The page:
He added that this is not the time to wait for handouts or free vaccines as other countries will naturally sort themselves out before African nations.

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China Calls for Better China-U.S. Relations

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China Calls for China-U.S. Relations

Senior Chinese diplomat Wang Yi said on Monday the United States and China could work together on issues like climate change and the coronavirus pandemic if they repaired their damaged bilateral relationship.

Wang, a Chinese state councillor and foreign minister, said Beijing stood ready to reopen constructive dialogue with Washington after relations between the two countries sank to their lowest in decades under former president Donald Trump.

Wang called on Washington to remove tariffs on Chinese goods and abandon what he said was an irrational suppression of the Chinese tech sector, steps he said would create the “necessary conditions” for cooperation.

Before Wang spoke at a forum sponsored by the foreign ministry, officials played footage of the “ping-pong diplomacy” of 1972 when an exchange of table tennis players cleared the way for then U.S. President Richard Nixon to visit China.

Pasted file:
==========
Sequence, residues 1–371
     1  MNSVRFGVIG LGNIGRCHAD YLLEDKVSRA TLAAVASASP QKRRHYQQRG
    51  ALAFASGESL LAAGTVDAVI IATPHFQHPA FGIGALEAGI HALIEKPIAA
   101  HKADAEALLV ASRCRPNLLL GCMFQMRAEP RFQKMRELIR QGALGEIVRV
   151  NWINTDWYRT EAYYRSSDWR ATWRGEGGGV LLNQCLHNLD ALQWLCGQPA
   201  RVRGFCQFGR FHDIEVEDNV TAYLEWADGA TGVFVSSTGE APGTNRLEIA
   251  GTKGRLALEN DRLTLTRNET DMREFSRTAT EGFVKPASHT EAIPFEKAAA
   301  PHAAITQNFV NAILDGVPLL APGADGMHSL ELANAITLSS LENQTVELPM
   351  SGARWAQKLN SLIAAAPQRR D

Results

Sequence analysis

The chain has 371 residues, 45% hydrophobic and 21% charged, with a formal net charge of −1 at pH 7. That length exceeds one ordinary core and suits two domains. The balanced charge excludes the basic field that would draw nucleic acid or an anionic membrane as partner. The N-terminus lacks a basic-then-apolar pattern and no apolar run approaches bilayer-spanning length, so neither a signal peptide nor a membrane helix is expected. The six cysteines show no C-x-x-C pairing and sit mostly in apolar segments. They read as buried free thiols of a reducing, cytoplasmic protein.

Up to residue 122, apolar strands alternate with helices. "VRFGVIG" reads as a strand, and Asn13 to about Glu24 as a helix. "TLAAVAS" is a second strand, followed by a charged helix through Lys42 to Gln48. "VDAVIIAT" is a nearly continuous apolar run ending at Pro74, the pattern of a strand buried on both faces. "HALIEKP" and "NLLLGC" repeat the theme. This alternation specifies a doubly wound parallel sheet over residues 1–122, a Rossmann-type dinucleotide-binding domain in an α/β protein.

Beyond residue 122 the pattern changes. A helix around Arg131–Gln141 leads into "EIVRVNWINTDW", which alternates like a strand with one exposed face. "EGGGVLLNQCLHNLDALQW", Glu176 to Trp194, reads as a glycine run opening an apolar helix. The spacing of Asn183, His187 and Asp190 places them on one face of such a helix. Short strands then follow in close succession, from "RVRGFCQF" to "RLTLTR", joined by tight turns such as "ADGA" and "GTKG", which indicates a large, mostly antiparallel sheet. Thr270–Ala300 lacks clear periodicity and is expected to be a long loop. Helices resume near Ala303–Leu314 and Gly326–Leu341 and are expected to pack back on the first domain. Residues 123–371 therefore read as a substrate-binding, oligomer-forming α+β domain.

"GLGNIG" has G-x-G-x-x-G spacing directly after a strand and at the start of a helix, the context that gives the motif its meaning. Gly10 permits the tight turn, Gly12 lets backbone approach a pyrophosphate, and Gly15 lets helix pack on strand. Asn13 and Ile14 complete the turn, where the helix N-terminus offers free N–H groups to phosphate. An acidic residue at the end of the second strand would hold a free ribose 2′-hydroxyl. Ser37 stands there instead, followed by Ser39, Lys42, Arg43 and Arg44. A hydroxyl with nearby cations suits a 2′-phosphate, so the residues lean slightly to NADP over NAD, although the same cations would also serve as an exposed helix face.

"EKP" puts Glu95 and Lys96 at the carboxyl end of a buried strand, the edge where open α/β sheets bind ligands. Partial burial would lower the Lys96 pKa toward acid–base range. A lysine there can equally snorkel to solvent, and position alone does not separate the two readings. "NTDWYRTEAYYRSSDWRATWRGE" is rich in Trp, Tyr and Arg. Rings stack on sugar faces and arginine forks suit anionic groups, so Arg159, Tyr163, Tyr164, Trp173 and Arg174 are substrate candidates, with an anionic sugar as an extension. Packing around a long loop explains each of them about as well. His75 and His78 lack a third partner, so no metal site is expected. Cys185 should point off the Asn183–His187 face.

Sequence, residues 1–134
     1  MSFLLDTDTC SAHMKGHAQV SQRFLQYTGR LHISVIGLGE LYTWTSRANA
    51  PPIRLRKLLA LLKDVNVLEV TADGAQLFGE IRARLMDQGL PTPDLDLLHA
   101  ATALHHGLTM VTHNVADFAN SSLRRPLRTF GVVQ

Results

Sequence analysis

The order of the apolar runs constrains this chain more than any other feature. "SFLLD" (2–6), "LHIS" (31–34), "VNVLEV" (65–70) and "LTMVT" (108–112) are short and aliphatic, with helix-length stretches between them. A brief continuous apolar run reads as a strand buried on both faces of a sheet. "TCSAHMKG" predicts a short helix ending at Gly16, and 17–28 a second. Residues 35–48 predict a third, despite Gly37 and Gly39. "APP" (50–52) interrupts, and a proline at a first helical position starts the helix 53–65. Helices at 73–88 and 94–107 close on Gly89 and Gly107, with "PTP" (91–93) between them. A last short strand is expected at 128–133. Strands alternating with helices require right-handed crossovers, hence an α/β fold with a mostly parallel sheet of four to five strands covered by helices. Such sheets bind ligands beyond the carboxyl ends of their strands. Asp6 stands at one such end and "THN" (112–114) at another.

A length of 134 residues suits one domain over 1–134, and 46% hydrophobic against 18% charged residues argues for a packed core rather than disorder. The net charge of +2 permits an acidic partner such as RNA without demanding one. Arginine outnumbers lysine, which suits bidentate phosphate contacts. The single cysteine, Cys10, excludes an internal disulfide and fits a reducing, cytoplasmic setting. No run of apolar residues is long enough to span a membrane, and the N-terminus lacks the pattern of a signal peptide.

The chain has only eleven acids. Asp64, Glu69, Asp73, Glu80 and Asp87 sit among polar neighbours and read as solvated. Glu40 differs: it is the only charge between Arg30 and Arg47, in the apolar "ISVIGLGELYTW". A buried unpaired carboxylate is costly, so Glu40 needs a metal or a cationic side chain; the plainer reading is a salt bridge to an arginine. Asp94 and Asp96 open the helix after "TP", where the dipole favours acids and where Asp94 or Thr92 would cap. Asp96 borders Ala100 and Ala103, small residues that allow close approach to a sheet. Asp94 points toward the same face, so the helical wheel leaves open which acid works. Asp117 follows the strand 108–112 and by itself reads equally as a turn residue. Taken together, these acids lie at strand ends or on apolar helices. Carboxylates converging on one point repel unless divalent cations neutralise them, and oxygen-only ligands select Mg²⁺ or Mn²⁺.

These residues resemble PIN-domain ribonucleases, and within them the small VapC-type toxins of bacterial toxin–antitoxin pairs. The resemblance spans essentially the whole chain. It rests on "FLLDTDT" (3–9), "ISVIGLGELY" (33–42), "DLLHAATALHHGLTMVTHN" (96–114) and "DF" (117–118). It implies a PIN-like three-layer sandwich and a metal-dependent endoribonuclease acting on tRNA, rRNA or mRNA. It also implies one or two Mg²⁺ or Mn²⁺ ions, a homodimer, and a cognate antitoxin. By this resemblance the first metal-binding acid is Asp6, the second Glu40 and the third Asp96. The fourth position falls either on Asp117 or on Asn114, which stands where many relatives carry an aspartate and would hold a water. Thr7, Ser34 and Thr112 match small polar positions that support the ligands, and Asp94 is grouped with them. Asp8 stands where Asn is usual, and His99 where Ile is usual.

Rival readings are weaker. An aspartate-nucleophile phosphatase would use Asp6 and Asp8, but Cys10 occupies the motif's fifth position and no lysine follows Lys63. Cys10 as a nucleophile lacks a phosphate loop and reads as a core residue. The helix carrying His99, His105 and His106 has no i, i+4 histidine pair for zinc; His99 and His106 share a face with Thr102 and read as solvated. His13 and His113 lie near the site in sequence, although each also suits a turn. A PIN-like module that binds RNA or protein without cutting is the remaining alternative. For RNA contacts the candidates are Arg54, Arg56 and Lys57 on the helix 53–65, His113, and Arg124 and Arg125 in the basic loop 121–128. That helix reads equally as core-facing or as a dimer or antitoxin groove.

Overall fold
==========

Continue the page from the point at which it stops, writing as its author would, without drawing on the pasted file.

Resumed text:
Wang, a Chinese state councillor and foreign minister, said Beijing stood ready to reopen constructive dialogue with Washington after relations between the two countries sank to their lowest in decades under former president Donald Trump.

Wang called on Washington to remove tariffs on Chinese goods and abandon what he said was an irrational suppression of the Chinese tech sector, steps he said would create the “necessary conditions” for cooperation.

Before Wang spoke at a forum sponsored by the foreign ministry, officials played footage of the “ping-pong diplomacy” of 1972 when an exchange of table tennis players cleared the way for then U.S. President Richard Nixon to visit China.

Wang urged Washington to respect China’s core interests, stop “smearing” the ruling Communist Party, stop interfering in Beijing’s internal affairs and stop “conniving” with separatist forces for Taiwan’s independence.

“Over the past few years, the United States basically cut off bilateral dialogue at all levels,” Wang said in prepared remarks translated into English.

“We stand ready to have candid communication with the U.S. side, and engage in dialogues aimed at solving problems.”

Wang pointed to a recent call between Chinese President Xi Jinping and U.S. President Joe Biden as a positive step.

Washington and Beijing have clashed on multiple fronts including trade, accusations of human rights crimes against the Uighur Muslim minorities in the Xinjiang region and Beijing’s territorial claims in the resources-rich South China Sea.

The Biden administration has, however, signalled it will maintain pressure on Beijing. Biden has voiced concern about Beijing’s “coercive and unfair” trade practices and endorsed of a Trump administration determination that China has committed genocide in Xinjiang.

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U.S. Supreme Court Allows Release of Trump Tax Returns